The Group of 77 (G77) at the United Nations is a coalition of 134 developing countries, designed to promote its members' collective economic interests and create an enhanced joint negotiating capacity in the United Nations. There were 77 founding members of the organization headquartered in Geneva, but it has since expanded to 134 member countries according to the organization. China does not consider itself to be a member, nor did it when it was generally regarded as a developing country. However, the country supports and financially contributes to G77, and official statements are made with China. Guyana holds the chairmanship as of 2020. The group was founded on 15 June 1964, by 77 non-aligned nations in the "Joint Declaration of the Seventy-Seven Countries" issued at the United Nations Conference on Trade and Development (UNCTAD). The first major meeting was in Algiers in 1967, where the ''Charter of Algiers'' was adopted and the basis for permanent institutional structures was begun under the leadership of Raul Prebisch who had previously worked at ECLA. There are ''Chapters of the Group of 77'' in Geneva (UN), Rome (FAO), Vienna (UNIDO), Paris (UNESCO), Nairobi (UNEP) and the Group of 24 in Washington, D.C. (International Monetary Fund and World Bank).


The group was credited with a common stance against apartheid and for supporting global disarmament. It has been supportive of the New International Economic Order. It has been subject to criticism for its lacklustre support, or outright opposition, to pro-environmental initiatives, which the group considers secondary to economic development and poverty-eradication initiatives.


As of 2020, the group comprises all of the UN member states (along with the U.N. observer State of Palestine), excluding the following countries: # Members of the Council of Europe, except for Azerbaijan. # Members of the Organisation for Economic Co-operation and Development, except for Chile and Colombia. # Members of the Commonwealth of Independent States Free Trade Area, except for Tajikistan. # Two Pacific microstates: Palau and Tuvalu.

Current founding members

Other current members


The Group of 77 lists China as one of its members. The Chinese government provides consistent political support to the G77 and has made financial contributions to the Group since 1994, but it does not consider itself to be a member. As a result, official statements of the G77 are delivered in the name of The Group of 77 and China or G77+China.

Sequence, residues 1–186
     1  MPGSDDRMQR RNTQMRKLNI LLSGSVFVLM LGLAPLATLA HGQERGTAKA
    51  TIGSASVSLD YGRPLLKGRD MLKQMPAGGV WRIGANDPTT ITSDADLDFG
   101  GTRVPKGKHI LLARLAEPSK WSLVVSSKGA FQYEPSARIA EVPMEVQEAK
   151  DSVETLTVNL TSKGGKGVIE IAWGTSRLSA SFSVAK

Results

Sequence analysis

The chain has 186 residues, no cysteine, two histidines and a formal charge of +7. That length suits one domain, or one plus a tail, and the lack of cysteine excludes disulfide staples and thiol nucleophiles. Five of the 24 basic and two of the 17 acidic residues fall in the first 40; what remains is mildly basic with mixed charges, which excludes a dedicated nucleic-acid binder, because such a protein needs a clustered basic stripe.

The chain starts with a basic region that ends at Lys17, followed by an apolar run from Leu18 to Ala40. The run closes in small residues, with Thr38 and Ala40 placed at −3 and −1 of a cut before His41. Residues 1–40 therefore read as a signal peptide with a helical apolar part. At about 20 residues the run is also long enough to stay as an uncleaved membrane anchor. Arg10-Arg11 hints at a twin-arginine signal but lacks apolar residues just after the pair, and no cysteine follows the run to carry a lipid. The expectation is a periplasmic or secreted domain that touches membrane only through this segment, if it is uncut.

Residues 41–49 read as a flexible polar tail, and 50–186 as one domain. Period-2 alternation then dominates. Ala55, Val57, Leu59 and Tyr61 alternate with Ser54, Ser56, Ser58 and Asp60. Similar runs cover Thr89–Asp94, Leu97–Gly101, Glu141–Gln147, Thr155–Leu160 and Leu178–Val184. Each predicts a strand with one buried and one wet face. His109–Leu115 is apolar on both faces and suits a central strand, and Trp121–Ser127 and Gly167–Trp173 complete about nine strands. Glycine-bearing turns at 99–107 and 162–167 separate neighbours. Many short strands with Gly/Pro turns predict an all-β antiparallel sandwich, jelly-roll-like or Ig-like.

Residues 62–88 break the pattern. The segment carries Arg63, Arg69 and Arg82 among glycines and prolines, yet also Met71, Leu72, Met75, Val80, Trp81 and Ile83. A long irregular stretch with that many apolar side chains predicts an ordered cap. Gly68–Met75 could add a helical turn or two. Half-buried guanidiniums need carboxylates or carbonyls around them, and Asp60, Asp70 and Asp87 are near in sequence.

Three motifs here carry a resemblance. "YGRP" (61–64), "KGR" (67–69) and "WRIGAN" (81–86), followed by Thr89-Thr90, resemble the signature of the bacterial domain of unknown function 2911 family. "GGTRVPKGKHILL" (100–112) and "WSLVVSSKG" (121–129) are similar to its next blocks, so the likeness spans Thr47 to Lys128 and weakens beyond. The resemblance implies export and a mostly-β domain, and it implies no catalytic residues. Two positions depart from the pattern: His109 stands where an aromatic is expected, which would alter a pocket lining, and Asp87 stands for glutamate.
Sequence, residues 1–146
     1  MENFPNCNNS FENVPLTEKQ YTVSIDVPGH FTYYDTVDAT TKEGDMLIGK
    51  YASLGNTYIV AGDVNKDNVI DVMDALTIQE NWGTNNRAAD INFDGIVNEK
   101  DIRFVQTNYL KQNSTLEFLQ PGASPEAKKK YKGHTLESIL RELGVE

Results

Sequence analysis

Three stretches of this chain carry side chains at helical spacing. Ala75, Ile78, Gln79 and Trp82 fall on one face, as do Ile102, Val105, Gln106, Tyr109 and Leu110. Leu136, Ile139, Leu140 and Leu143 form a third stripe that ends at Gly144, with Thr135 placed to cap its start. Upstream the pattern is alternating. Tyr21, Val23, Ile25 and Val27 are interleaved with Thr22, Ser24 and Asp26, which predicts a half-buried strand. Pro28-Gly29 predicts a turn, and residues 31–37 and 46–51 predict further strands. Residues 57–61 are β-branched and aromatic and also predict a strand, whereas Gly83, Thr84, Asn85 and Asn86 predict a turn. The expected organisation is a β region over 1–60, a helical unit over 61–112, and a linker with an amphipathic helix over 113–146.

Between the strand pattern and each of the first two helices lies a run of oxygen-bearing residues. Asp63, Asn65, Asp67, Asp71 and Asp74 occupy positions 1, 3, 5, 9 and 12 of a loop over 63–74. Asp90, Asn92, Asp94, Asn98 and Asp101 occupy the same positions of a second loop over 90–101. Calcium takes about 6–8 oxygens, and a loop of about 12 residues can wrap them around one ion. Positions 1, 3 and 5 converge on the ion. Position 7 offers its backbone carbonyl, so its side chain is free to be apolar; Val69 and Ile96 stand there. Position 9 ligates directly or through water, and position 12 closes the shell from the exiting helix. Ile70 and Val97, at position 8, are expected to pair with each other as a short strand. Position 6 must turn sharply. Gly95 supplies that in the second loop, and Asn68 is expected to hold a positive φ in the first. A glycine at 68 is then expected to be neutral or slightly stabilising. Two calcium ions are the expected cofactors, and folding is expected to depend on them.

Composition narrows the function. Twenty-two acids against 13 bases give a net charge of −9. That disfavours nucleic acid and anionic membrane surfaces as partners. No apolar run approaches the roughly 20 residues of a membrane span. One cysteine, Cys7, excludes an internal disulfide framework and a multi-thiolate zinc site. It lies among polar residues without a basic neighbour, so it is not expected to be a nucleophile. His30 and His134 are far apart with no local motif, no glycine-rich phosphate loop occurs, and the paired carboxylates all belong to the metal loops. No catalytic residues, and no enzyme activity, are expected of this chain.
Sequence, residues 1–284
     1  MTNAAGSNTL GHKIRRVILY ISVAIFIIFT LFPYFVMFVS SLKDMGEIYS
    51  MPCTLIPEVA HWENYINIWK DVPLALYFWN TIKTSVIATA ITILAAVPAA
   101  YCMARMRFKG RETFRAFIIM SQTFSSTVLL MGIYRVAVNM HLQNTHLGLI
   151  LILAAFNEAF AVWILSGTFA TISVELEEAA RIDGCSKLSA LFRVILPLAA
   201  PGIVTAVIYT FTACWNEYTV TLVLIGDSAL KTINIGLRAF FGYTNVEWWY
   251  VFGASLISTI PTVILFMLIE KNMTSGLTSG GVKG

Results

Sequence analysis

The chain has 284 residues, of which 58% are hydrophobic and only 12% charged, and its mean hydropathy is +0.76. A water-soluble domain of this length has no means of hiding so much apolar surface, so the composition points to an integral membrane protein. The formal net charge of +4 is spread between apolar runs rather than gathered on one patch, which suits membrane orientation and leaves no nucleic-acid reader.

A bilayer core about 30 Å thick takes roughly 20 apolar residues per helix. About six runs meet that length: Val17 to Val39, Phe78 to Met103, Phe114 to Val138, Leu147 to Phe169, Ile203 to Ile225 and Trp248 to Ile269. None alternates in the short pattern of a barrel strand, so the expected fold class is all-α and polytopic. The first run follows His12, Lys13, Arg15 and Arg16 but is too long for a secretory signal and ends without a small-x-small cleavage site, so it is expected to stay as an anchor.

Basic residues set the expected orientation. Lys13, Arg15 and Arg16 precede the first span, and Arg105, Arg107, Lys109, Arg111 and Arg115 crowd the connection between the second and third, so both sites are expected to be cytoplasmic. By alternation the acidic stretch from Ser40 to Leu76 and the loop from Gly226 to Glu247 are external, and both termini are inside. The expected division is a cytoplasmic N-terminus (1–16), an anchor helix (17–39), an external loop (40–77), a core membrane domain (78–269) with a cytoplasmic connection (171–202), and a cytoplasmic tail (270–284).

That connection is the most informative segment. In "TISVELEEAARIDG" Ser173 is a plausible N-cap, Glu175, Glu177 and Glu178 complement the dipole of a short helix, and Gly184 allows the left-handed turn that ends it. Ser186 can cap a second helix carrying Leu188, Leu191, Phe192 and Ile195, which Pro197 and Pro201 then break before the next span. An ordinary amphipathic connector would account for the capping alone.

Former members

# signed the original "Joint Declaration of the Developing Countries" in October 1963, but pulled out of the group before the formation of the G77 in 1964 (it joined the OECD in 1973). # was a founding member, but left the Group after joining the OECD in 1994. It had presided over the group in 1973–1974, 1983–1984; however, it is still a member of G-24. # was a founding member, but left the Group after joining the OECD in 1996. # was a founding member; by the late 1990s it was still listed on the membership list, but it was noted that it "cannot participate in the activities of G77." It was removed from the list in late 2003. It had presided over the group from 1985 to 1986. Bosnia and Herzegovina is the only part of former Yugoslavia that is currently in the G77. # was a founding member, but was no longer listed on the official membership list after its accession to the EU in 2004. # was admitted to the Group in 1976, but was no longer listed on the official membership list after its accession to the EU in 2004. # joined the Group in 2002, but withdrew in 2004, having decided that it could best pursue its environmental interests through the Alliance of Small Island States. # was admitted to the Group in 1976, but was no longer listed on the official membership list after its accession to the EU in 2007.

Presiding countries

The following is the chain of succession of the chairmanship of the G77:

Group of 24

The Group of 24 (G-24) is a chapter of the G-77 that was established in 1971 to coordinate the positions of developing countries on international monetary and development finance issues and to ensure that their interests were adequately represented in negotiations on international monetary matters. Every member of the G-24, except for Mexico, is also a member of the G77.

See also

* Non-Aligned Movement * Third World * Global South * North–South divide * South–South cooperation * G20 developing nations * Politics of global warming * List of country groupings * List of multilateral free-trade agreements * Nozipho Mxakato-Diseko


External links

Adam Sneyd, "Group of 77", in Globalization and Autonomy Online Compendium, edited by William D. Coleman and Nancy Johnson

Official website of the Group of 24
{{DEFAULTSORT:Group Of 77 Category:Group of Eight Category:United Nations coalitions and unofficial groups Category:China and the United Nations Category:Organizations established in 1964 Category:Economic country classifications